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United States v. Young

United States District Court, W.D. New York

April 24, 2014

UNITED STATES OF AMERICA
v.
OSBORNE YOUNG, Defendant.

DECISION AND ORDER

RICHARD J. ARCARA, District Judge.

INTRODUCTION

Before the Court is defendant Osborne Young's ("defendant") opposition to the Government's request for forfeiture of: (1) One 1995 Peterbilt Tractor, Model 379, Vehicle Identification Number 1XP5DB9X7SN367813; and (2) One 1997 Utility Trailer, Vehicle Identification Number 1UYVS2489VM334802, based upon his conviction on August 26, 2013. For the following reasons, defendant's opposition to the request for forfeiture is denied.

DISCUSSION

Defendant was found guilty, following a jury trial, of knowingly, intentionally and unlawfully importing 1-benzylpiperazine (BZP) into the United States from Canada, in violation of 21 U.S.C. §952; knowingly, intentionally and unlawfully possessing with intent to distribute BZP, in violation of 21 U.S.C. §§841(a)(1) and 841(b)(1)(c); and fraudulently and knowingly importing and bringing into the United States a quantity of BZP, in violation of 18 U.S.C. §545. The first allegation of forfeiture, contained in the Indictment, sought forfeiture of property used, or intended to be used, in any manner or part, to commit, or facilitate the commission of the offenses charged in the Indictment. Specifically, the Government seeks forfeiture of one 1995 Peterbilt Tractor, Model 379, Vehicle Identification Number 1XP5DB9X7SN367813 and one 1997 Utility Trailer, Vehicle Identification Number 1UYVS2489VM334802 (the "tractor trailer"). The Government also seeks forfeiture of the sum of $3, 864.84 in United States currency found in defendant's possession at the time of his arrest. The Government and defendant agreed that the Court would determine the forfeiture allegations in the Indictment pursuant to Rule 32.2(b)(1) of the Federal Rules of Criminal Procedure.

Defendant filed a motion opposing the Government's request for forfeiture of the tractor trailer, on the grounds that he intends to appeal the conviction. Defendant asks the Court to refrain from granting forfeiture at this time and instead await the results of his appeal. Defendant argues that he will be prejudiced in the event that the Government is permitted to move forward with forfeiture and his appeal is successful, since the tractor trailer will have already been converted and he will be left to litigate, at his own expense, the return of the its value. The defendant does not appear to object to the forfeiture of the currency.

Rule 32.2 of the Federal Rules of Criminal Procedure directs a sentencing court to "determine what property is subject to forfeiture under the applicable statute." Pursuant to Rule 32.2, the court's forfeiture determination may be based on evidence already in the record... or... on evidence or information presented by the parties at a hearing after the verdict or finding of guilty." United States v. Capoccia, 503 F.3d 103, 109 (2d. Cir. 2007). The evidence adduced at trial may be utilized to determine the forfeiture issues, and the burden of proof to be applied when determining a criminal forfeiture count is preponderance of the evidence. See Fed. R. Crim. P 32.2(b)(1); United States v. Gaskin, 364 F.3d 438, 461-62 (2d. Cir. 2004). The Court finds that, based upon the trial evidence, there is a sufficient nexus between the tractor trailer and the amounts of currency seized from defendant, and the offenses set forth in Counts 1 and 2 of the Indictment, to warrant forfeiture of both the tractor trailer and the currency.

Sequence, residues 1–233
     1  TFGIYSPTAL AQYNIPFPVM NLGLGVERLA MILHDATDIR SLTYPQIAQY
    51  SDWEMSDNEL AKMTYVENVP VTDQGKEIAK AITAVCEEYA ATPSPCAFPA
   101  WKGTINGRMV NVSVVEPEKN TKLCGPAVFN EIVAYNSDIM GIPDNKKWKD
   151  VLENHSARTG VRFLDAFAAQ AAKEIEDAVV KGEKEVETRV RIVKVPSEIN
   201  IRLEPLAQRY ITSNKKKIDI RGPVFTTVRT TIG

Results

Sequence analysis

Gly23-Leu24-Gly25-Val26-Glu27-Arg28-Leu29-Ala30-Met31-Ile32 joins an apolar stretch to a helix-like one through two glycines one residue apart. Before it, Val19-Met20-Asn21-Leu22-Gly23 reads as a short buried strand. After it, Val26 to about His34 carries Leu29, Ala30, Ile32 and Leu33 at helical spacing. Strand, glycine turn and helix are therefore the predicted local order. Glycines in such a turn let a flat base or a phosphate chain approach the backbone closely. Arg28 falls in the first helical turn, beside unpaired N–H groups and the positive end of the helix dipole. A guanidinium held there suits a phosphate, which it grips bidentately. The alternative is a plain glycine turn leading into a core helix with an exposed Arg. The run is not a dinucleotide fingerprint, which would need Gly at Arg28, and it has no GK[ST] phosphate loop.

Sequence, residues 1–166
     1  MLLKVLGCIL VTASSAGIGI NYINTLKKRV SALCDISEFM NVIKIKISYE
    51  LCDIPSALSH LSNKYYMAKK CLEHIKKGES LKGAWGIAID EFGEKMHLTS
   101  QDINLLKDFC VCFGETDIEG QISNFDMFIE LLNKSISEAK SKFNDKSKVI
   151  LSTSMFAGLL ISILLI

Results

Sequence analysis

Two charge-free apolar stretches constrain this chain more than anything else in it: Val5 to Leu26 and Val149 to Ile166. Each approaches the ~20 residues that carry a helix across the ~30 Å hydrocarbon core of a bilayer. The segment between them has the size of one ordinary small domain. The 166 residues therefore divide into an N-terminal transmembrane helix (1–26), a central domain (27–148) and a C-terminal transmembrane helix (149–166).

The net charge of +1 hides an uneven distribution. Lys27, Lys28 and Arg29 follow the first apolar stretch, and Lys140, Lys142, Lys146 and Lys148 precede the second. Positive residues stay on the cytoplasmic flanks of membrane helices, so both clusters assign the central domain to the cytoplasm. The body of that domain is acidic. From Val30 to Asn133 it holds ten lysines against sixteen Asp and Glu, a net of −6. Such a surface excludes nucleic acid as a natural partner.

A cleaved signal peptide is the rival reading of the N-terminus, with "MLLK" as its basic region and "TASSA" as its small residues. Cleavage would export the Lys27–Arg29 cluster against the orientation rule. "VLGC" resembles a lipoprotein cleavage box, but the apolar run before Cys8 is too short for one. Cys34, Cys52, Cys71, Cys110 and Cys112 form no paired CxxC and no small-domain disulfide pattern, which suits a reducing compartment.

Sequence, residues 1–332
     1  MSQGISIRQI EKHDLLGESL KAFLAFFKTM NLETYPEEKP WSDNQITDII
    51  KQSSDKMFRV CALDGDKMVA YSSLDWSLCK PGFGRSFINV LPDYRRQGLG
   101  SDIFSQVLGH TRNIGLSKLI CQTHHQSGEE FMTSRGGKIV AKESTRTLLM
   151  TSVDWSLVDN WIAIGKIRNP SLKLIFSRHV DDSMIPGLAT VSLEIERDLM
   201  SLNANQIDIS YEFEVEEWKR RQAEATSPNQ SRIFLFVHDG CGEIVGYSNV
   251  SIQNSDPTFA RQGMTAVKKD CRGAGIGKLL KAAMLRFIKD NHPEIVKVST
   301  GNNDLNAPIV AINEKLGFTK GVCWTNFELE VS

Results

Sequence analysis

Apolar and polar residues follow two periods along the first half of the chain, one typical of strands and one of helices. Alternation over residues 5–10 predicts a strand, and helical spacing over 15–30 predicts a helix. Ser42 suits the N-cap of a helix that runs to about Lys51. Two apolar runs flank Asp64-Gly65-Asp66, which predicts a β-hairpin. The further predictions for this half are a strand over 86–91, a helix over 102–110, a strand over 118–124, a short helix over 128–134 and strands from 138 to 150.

Also pursuant to Federal Rule of Criminal Procedure 32.2(d), the Court has the discretion to stay an order of forfeiture. When considering a request to stay an order of forfeiture pending an appeal, a sentencing court may consider the following factors: "(1) the likelihood of success on appeal; (2) whether the forfeited asset is likely to depreciate over time; (3) the forfeited asset's intrinsic value to defendant (i.e., the availability of substitutes); and (4) the expense of maintaining the forfeited property." United States v. Peters, 784 F.Supp.2d 234 (WDNY 2011). The Court has considered each of these factors, and finds that a stay is not appropriate here.

To begin, defendant has not set forth any arguments in support of his likelihood of success on appeal. The Court has had the benefit of listening to all of the trial testimony and viewing all exhibits. Based upon the evidence presented at trial, the Court finds that defendant has not established a likelihood of success on appeal. In addition, the tractor trailer has depreciated in value over the past year, and will continue to depreciate while the appeal is pending. There has been no showing that the tractor trailer has some type of intrinsic, meaningful or sentimental value to defendant, such that there are no available substitutes or, in the event defendant's appeal is successful, that he could not be made whole through monetary compensation. Finally, the Government has incurred costs in storing and maintaining the tractor trailer for over a year, and will continue to incur daily costs in the event of a stay. Thus, it appears that all four factors weigh against granting a stay with respect to forfeiture of the tractor trailer.

CONCLUSION

For the foregoing reasons, defendant's request for a stay of the Court's order of forfeiture is denied.

SO ORDERED.


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